Screw the Gatekeepers

I grabbed this screenshot from the Amazon Kindle store last week when looking at the top-100 bestselling travel reference books.

First of all, thanks to everyone who has ever bought a Kindle copy of The World’s Cheapest Destinations! (Or for that matter, a paper one or PDF one or iBookstore one).

For writers, there’s a whole big batch of lessons in that little picture.

The first book has had massive publicity, plenty of promotional funds, and a well-known New York publishing house behind it. The second has had me, the mom-and-pop business in Maine known as Booklocker, and close to zero in promotional money behind it. I believe this is what they call “leveling the playing field.”

The funny thing is, I’m probably making three or four times the royalties on my book that Patricia Shultz is making on hers, even though we’re both doing the same amount of work. Actually she probably works harder than me on promotion because she’s got a whole line of related products to sell. But most of her book revenue is actually going to the publisher. Same deal with the majority of the 98 books behind mine on that list (and the 1000 after that) that are put out by well-known publishers.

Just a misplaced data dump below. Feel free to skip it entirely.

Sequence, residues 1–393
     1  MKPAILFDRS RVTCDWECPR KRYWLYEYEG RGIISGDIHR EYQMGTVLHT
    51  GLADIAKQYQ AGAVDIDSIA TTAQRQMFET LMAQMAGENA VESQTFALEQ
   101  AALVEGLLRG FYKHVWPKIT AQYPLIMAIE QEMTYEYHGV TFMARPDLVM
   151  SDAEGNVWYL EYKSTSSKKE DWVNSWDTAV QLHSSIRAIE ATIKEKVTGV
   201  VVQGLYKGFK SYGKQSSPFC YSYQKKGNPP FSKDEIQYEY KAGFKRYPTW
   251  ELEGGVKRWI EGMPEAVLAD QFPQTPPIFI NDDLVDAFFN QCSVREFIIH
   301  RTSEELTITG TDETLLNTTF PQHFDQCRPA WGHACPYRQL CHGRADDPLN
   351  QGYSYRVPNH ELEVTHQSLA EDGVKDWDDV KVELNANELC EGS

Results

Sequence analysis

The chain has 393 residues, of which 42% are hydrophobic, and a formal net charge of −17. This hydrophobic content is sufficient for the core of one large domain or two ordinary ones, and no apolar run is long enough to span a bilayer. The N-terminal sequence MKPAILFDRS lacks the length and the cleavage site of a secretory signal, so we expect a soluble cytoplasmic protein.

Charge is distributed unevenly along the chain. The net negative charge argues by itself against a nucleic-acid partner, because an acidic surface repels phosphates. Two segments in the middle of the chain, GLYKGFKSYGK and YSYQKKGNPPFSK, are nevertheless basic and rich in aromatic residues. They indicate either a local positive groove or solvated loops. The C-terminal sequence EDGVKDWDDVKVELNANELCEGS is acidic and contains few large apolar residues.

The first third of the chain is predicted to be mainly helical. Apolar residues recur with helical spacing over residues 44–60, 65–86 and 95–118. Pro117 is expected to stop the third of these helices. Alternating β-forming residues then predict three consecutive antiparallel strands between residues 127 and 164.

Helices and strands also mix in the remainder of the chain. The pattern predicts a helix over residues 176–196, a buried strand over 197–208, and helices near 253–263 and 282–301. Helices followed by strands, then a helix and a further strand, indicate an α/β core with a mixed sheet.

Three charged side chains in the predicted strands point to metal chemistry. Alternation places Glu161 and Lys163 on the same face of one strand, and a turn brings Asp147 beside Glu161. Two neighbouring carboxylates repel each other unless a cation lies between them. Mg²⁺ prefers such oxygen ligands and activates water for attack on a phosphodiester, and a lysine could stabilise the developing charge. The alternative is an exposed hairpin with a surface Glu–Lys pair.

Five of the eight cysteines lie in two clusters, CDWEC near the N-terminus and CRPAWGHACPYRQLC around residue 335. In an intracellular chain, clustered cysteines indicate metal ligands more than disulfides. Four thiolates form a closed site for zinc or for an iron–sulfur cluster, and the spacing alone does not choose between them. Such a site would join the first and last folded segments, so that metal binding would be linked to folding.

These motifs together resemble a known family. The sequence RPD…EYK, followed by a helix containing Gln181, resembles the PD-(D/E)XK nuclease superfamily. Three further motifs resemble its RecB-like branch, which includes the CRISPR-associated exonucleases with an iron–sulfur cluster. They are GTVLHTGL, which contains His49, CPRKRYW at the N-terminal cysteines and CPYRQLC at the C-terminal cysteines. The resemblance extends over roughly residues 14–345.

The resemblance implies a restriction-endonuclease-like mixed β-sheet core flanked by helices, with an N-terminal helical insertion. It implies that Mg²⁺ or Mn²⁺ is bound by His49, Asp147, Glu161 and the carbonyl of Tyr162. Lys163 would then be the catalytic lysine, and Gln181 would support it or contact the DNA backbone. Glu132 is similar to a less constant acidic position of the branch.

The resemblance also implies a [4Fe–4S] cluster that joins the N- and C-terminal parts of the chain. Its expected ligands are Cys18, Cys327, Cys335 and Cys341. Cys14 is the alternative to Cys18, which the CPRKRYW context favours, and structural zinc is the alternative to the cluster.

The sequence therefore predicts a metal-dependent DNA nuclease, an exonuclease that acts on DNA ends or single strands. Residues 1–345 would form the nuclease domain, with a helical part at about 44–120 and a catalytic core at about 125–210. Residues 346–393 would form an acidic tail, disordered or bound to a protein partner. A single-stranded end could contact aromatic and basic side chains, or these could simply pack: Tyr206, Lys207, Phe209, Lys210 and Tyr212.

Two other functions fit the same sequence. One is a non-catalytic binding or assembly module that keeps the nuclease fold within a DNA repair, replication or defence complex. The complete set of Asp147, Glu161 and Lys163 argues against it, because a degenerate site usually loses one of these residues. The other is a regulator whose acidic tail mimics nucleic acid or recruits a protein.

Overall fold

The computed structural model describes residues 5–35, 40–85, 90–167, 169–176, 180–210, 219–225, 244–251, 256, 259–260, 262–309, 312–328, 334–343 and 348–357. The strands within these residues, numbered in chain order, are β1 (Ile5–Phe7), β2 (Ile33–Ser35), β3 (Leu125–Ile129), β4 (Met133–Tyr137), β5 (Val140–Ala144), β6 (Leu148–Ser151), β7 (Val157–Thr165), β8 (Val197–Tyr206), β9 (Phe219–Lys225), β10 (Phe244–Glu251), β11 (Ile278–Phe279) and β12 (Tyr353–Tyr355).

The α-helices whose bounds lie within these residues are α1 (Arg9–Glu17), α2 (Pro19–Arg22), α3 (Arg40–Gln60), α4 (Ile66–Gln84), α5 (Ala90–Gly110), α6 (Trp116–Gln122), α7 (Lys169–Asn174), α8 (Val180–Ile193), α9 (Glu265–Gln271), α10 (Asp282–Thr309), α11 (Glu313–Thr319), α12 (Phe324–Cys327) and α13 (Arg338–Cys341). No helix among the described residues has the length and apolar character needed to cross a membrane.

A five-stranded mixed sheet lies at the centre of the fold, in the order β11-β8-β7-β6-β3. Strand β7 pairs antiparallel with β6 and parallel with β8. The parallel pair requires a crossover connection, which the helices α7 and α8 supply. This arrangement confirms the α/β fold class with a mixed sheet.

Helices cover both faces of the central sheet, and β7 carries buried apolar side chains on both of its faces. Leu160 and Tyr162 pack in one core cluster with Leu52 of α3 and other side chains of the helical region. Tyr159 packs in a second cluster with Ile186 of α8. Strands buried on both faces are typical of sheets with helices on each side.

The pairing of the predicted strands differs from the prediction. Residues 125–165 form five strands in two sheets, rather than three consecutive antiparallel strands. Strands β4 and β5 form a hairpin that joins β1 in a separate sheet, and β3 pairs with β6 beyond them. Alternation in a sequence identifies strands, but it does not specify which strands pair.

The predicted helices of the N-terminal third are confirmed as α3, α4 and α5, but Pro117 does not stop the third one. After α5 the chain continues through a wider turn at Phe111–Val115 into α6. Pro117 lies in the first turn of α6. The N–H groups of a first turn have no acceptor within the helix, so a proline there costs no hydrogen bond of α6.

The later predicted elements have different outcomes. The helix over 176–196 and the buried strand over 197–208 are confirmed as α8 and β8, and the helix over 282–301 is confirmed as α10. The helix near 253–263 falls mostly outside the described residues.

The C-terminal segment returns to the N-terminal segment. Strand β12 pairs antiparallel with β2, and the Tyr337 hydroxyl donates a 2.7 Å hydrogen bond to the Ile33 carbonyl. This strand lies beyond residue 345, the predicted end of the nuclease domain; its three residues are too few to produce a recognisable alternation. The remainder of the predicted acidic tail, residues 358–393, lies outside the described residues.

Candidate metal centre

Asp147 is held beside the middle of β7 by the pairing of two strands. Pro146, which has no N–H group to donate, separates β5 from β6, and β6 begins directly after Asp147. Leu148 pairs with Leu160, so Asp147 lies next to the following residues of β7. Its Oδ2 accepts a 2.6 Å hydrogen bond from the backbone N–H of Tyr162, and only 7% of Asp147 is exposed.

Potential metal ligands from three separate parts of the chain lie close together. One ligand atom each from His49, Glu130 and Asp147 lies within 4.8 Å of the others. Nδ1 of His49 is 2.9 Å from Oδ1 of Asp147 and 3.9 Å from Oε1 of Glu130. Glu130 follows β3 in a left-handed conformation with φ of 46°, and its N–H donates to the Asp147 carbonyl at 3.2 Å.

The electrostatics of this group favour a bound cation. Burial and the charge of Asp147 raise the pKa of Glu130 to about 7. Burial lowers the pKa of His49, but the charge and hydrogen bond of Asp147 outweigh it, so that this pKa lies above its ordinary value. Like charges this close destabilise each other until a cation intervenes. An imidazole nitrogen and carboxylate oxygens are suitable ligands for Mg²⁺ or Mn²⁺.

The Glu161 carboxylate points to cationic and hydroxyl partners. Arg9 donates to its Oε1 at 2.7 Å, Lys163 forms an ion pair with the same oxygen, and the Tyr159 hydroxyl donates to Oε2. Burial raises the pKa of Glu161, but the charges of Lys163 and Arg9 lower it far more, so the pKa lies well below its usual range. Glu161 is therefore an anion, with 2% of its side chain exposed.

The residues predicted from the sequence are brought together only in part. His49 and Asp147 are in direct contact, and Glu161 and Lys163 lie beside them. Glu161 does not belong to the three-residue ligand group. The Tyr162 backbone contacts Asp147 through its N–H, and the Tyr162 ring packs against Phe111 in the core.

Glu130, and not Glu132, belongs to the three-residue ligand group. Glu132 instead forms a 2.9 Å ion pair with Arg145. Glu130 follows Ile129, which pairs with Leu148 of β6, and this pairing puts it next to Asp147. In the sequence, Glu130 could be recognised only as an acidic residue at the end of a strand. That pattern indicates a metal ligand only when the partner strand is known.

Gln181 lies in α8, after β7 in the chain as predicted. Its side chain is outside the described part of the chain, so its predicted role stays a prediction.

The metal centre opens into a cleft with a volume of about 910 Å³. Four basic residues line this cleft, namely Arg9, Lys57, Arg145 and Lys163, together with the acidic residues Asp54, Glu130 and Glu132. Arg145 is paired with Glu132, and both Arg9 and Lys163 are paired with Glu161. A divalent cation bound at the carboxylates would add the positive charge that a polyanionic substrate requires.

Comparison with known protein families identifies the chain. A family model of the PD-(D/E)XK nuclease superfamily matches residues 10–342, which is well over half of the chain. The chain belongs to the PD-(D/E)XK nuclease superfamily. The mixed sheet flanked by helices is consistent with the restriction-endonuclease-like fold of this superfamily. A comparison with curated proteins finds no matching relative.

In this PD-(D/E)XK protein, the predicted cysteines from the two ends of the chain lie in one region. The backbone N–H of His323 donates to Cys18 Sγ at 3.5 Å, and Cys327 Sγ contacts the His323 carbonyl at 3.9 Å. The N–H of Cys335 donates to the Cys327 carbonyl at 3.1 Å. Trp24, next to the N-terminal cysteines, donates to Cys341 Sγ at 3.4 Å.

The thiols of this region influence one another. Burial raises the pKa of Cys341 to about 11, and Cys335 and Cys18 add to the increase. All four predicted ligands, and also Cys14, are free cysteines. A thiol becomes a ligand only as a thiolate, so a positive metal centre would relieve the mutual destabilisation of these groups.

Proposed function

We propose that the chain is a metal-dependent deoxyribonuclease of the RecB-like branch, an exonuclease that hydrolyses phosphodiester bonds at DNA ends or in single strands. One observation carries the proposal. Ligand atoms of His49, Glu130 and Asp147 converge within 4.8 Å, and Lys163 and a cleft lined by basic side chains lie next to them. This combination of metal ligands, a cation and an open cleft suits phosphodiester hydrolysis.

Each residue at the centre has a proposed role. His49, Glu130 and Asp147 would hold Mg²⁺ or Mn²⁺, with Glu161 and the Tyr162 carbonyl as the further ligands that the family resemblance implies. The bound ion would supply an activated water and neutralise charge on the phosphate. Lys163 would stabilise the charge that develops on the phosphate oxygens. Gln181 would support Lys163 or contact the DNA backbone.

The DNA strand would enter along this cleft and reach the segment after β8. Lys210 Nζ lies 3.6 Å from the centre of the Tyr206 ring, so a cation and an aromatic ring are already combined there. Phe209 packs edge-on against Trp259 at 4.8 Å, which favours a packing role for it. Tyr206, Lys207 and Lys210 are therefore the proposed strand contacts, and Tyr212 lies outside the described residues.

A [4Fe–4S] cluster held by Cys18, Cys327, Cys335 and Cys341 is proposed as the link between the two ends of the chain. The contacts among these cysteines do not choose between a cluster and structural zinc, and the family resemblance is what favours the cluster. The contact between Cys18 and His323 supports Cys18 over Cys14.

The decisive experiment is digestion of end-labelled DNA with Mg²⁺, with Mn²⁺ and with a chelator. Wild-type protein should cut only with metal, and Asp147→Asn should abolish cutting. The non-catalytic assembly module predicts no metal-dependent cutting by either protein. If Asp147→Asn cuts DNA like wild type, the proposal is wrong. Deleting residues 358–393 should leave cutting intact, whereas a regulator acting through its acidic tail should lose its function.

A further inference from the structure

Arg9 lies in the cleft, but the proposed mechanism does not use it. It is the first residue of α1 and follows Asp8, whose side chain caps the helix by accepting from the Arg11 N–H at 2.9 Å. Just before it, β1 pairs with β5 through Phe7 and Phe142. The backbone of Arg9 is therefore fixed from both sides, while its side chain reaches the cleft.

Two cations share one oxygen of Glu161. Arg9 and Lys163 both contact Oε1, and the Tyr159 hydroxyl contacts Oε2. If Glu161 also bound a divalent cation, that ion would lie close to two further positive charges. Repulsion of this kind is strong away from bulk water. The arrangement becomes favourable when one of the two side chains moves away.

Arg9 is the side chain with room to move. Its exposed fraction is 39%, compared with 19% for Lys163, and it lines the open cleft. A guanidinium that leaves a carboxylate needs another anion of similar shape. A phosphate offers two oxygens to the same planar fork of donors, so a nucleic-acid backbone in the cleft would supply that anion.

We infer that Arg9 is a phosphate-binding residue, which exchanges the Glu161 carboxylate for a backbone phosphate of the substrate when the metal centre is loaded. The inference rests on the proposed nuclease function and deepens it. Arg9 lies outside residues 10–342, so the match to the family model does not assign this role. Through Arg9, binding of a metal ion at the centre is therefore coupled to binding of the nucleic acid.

In most traditional book publishing contracts, the author is only getting 10% or 15% of the net earnings—of the wholesale cost, after accounting for returns.

That whole arrangement seems antiquated. And just plain unfair.

Screw the gatekeepers. If you’ve built up a following and/or have something worthwhile to share, you probably don’t need them as much as you think you do. You certainly don’t need them as much as you did in the last millennium, when these awful publishing arrangements almost made sense.

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